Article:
Cairn A obviously manmade pile of rocks erected as a trail marker. Chiefly used above timberline. Should be close enough to see the next one in heavy fog, and high enough to see above fallen snow.

Cannister Stove The type of small backpacking stove that uses metal cans of fuel. See: www.whiteblaze.net/index.php?page=content&t=8311

Caretaker The person who maintains and collects fees at certain shelters and campsites.

Cat Hole A small hole dug by a hiker for the deposit of human waste.

Cirque A cwm. The bowl of Tuckerman Ravine is a cirque.

Col and Sag are typically dips in the ridge without a road, while Gap and Notch are typically larger dips that have a road going through. Sag is a typically southern term, as is Gap, while Col and Notch are typically northern terms. Water Gap, is of course, a Gap with a river.

Companion The ALDHA Thru-hikers' Companion is an AT guidebook compiled by AHLDA volunteers for the ATC. www.aldha.org

Cove is a Southern Appalachian word meaning a high, flat valley surrounded by mountains. Cades Cove in the Smokies is the one most people know about.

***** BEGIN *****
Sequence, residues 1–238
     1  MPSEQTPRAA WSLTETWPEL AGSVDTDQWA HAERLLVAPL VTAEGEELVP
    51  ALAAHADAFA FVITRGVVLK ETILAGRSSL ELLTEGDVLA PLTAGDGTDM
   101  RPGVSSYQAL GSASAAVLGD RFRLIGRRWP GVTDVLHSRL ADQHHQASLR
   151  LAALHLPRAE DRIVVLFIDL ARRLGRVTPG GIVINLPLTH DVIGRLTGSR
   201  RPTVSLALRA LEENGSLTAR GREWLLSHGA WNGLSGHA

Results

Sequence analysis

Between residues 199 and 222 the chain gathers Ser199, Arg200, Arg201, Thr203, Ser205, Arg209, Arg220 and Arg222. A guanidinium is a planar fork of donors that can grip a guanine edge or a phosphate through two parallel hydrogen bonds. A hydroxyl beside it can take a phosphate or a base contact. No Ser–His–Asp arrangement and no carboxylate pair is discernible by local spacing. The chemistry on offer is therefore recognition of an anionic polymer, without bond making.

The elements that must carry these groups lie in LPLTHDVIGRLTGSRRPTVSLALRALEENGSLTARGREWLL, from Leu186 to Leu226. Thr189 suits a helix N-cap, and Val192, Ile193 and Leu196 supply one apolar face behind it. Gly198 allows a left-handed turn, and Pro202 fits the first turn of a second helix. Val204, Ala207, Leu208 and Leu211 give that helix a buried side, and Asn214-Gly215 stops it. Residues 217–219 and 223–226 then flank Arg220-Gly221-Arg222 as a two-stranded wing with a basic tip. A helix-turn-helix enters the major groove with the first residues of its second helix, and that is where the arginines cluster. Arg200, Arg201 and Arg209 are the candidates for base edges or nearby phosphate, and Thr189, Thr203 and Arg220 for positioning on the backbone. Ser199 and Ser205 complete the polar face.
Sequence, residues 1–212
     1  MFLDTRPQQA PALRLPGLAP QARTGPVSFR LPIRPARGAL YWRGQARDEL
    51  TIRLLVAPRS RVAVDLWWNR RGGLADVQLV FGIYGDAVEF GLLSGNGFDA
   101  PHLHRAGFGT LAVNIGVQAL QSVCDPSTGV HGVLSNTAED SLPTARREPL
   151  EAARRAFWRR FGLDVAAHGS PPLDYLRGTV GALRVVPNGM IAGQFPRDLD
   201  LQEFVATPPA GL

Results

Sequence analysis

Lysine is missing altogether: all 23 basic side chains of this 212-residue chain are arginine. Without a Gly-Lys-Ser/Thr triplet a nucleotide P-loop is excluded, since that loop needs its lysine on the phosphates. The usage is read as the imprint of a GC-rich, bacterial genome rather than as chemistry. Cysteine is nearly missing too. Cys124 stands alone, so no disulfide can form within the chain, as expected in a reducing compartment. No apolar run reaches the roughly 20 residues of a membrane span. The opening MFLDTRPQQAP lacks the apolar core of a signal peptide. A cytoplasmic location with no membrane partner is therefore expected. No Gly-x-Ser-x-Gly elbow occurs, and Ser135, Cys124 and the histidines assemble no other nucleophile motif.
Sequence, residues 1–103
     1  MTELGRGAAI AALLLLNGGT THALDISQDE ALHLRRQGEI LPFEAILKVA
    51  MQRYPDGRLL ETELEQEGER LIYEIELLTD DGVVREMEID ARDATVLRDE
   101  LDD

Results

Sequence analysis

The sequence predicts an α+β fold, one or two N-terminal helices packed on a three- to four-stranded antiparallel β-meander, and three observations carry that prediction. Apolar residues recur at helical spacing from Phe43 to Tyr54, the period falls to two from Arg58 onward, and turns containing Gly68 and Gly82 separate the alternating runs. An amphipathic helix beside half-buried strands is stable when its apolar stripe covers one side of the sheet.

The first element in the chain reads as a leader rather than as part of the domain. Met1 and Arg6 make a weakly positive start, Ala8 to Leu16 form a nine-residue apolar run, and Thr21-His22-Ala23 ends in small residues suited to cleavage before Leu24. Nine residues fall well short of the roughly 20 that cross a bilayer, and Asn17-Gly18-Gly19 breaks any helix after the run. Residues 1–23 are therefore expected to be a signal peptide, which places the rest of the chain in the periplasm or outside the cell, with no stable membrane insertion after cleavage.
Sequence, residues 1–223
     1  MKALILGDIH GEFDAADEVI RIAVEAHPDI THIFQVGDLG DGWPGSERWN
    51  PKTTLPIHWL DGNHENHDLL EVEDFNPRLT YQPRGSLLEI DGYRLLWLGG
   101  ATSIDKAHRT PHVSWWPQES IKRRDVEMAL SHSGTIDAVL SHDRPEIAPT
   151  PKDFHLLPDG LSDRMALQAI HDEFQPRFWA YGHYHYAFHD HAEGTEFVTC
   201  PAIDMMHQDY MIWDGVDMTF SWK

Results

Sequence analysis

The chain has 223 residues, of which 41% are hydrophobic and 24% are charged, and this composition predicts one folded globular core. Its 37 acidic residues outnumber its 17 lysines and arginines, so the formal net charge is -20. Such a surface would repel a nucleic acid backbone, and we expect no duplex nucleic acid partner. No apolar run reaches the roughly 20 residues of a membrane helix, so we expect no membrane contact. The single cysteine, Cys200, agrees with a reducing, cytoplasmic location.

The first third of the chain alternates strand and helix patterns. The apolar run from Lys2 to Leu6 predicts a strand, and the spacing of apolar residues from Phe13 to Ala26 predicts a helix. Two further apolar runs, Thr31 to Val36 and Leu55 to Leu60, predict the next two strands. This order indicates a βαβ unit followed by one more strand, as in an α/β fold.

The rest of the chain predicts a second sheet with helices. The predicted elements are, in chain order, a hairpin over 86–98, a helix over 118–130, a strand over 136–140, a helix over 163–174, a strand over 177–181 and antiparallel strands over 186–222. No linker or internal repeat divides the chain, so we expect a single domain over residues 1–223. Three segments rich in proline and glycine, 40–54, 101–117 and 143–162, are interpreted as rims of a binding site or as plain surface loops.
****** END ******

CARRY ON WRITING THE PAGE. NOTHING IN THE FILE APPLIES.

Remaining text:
Corridor The Appalachian Trail is a long and narrow Park, sometimes less than 100 feet wide. The Area set aside for the AT to pass within is called the Trail Corridor.

Cowboy camping is where one camps without any shelter - just spread one's pad and bag out under the stars and putting one's faith in their opinion about the weather staying dry.

Croo are the crew of caretakers who man the Appalachian Mountain Club Huts. For the most part, the summer Croo will be college students.

Cryptosporidium A Waterborne pathogen, Cryptosporidium is a parasite commonly found in lakes and rivers, especially when the water is contaminated with sewage and animal wastes. Cryptosporidium is very resistant to disinfection, and even a well-operated water treatment system cannot ensure that drinking water will be completely free of this parasite.

Data Book Published for over 25 years by the ATC the Data Book is a consolidation of the most basic guidebook information into a lightweight table of distances between major Appalachian Trail shelters, road-crossings, and features--divided according to the guidebook volumes and updated each December to account for Trail relocations, new (or removed) shelters, and other changes. Now keyed to both guidebook sections and maps. www.atctrailstore.org/

Dead Fall: A maintainer's term for a fallen dead trees across the trail.